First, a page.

One of the things we wanted to to at Ostia was to visit as many Mithraeums as possible. In this we succeeded nicely...and failed dismally. I'll explain in a moment, but first a brief aside is necessary. Half of my usual audience knows more about Mithras than I do. The other half has never heard of him.
Mithraism is the worship of Mithras. It was a religion roughly contemporary with Christianity and the degree to which one influenced the other has been the subject of much scholarly inquiry. Mithraism, like Christianity, was an Eastern cult, probably originating in mid First Century AD. Mithras had a miraculous birth - springing to life from solid rock - on December 25th.
Of course there were also many differences. Mithraism was practiced only by men, and was popular in the Roman Army. It had very typical iconongraphy. The classic image is Mithras wearing a Phrygian hat (think Smurf) slaying a bull in an underground setting. He had two assistants Cautes and Cautopates who wore similar head gear and carried torches. Various other elements including animals and zodiac images were common. Rites were held in underground rooms that recall the caves in the original Mithras story.
Ostia Antica has a large number of Mithraeums. 18 have been identified. I believe that in all of Rome only 8 are extant, and only one or two are open to view.
I wish I had found this SITE, which describes all the Ostian Mitraeums, prior to our visit. Alas. Well, we did the best we could.
This is the Mithraeum of the Terme del Mitra. Basically that means it is the Mithraeum associated with baths that were named after the Mithraeum. Somewhat circular language that. It is an underground site with the skylight above the central sculpture designed to let in an illuminating ray of sunshine. The arrangement is typical of Mithraeums, a central lane and benches on either side. The latter were where the devotees of Mithras would repose while consuming a ceremonial meal. From excavation evidence it seems to have actually been vegetarian fare.
A close up of the depiction of Mithras slaying the bull. This is called a Tauroctony. What you see here is a replica but the original is in the site's museum and is spectacular. If you are wondering why the later Christian inhabitants left it alone, well, they didn't. The bull's head and the head and arms of Mithras were bashed off and thrown in a nearby ditch. A Christian structure was then built over the top. Iconoclasm of this sort makes it a bit difficult to tell how many Mithraeums (or to be linguistically perfect, Mithrae) existed in Ostia. Perhaps 100? Some were probably never excavated, others were destroyed in ancient renovations, perhaps others were taken on by more devout and industrious Christians.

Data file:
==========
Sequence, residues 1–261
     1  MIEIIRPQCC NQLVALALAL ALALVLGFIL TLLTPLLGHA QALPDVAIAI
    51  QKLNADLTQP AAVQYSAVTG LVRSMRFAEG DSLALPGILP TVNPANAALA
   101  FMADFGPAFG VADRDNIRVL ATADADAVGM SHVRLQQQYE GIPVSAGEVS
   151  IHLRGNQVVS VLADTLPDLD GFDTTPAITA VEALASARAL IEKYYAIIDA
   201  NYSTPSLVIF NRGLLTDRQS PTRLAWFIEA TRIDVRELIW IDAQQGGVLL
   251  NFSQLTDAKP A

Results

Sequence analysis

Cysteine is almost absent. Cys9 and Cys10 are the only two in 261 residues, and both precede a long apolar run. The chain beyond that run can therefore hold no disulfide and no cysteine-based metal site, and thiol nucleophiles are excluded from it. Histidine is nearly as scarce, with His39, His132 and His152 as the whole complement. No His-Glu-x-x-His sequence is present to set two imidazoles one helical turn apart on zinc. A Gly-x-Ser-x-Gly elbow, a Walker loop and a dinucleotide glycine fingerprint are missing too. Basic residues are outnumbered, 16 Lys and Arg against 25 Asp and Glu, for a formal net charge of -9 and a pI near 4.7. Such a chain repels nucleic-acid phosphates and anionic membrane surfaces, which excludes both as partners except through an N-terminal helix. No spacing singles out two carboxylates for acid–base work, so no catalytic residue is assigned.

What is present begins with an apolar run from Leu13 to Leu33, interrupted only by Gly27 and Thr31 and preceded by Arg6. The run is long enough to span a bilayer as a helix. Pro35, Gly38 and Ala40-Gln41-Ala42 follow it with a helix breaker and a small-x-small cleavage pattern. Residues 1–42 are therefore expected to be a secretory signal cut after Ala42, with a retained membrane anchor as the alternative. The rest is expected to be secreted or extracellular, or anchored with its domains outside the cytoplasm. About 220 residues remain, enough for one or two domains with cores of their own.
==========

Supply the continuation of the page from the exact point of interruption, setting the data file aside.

This is the Mithraeum of the Seven Gates. It is under a modern roof, not nearly as evocative as a pseudo cave. The mosaics and wall paintings look to be deteriorating as compared to earlier photos. Note the same arrangement of benches.
Boy did we hunt a while for this last one. It was far out in the seldom visited periphery of the site. It is the Mithraeum of Fellicissimus. It gets its name from an "ex voto" inscription in a mosaic, that indicates someone named Fellicissimus built this shrine in fulfillment of a vow. In the foreground are the twin caps of Cautes and Cautopates. The mosaics that run down the center are divided into seven panels with a final panel showing an altar. Seven was an important number in the Mithraic mysteries. It represented the seven known planets and the number of levels of initiation into the Mysteries.
The link I listed above has a map showing the locations of all the Mithraeums. We did look in on several more. But I can attest to the fact that some are very hard to see, due to indifferent maintenance, or in the case of some underground ones are closed off entirely.